The Federal Bureau of Investigation is rewriting its operations manual in a way which will make it easier for agents to search databases and go through the household trash of individuals who come to their attention, Charlie Savage of the New York Times reports.
Updates to the FBI’s Domestic Investigations and Operations Guide will allow agents to issue lie-detector tests not only on suspects but also on potential informants even before they’ve opened a “preliminary investigation,” which requires a factual basis for suspecting wrongdoing. Agents could potentially use the information gathered from an individual’s trash to pressure them to help in their investigations of others.
The new guidelines also address what kind of oversight agents must have from supervisors when dealing with suspects who are prominent bloggers. Agents will need extra supervision from superiors if they are approaching a suspect who is a prominent blogger because the case could be a “sensitive investigative matter.” The rule doesn’t apply if the individual has a low profile blog or if they are being approached as a victim or a witness.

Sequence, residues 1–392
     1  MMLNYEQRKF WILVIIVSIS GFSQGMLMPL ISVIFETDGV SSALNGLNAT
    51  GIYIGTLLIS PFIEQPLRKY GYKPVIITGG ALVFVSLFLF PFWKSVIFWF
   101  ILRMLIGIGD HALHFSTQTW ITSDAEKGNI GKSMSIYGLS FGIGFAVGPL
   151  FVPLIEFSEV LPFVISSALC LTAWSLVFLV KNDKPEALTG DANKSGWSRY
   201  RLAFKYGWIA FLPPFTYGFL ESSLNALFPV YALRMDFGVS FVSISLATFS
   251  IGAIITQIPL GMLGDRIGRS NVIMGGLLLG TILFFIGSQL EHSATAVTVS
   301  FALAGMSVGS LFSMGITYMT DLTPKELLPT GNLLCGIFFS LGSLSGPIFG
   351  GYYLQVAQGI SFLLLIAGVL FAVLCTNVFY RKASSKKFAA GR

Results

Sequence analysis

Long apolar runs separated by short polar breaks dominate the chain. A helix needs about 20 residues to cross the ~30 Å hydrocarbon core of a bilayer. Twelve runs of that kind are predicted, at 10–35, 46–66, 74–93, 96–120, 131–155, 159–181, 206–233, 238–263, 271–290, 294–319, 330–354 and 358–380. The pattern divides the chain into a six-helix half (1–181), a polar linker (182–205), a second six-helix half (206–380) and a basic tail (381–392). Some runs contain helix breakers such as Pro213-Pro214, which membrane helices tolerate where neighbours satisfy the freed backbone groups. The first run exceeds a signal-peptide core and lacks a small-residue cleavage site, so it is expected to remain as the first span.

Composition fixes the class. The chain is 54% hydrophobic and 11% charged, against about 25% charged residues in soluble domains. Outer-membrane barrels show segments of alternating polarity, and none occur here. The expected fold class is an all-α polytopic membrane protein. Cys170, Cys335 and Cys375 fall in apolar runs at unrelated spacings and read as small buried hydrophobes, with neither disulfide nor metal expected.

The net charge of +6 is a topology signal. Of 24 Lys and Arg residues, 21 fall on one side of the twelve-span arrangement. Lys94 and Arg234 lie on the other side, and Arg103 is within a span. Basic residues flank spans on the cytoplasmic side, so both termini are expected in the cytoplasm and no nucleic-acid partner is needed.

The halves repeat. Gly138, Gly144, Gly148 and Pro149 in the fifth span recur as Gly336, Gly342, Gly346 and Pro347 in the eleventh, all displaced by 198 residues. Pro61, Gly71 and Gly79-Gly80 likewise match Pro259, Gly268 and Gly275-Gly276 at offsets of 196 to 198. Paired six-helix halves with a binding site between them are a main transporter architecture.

FBI General Counsel Valerie E. Caproni told the newspaper that the bureau did not need permission to change its manual if the rules conform with the broader guidelines issued by the attorney general.
“Every one of these has been carefully looked at and considered against the backdrop of why do the employees need to be able to do it, what are the possible risks and what are the controls,” Caproni told the Times.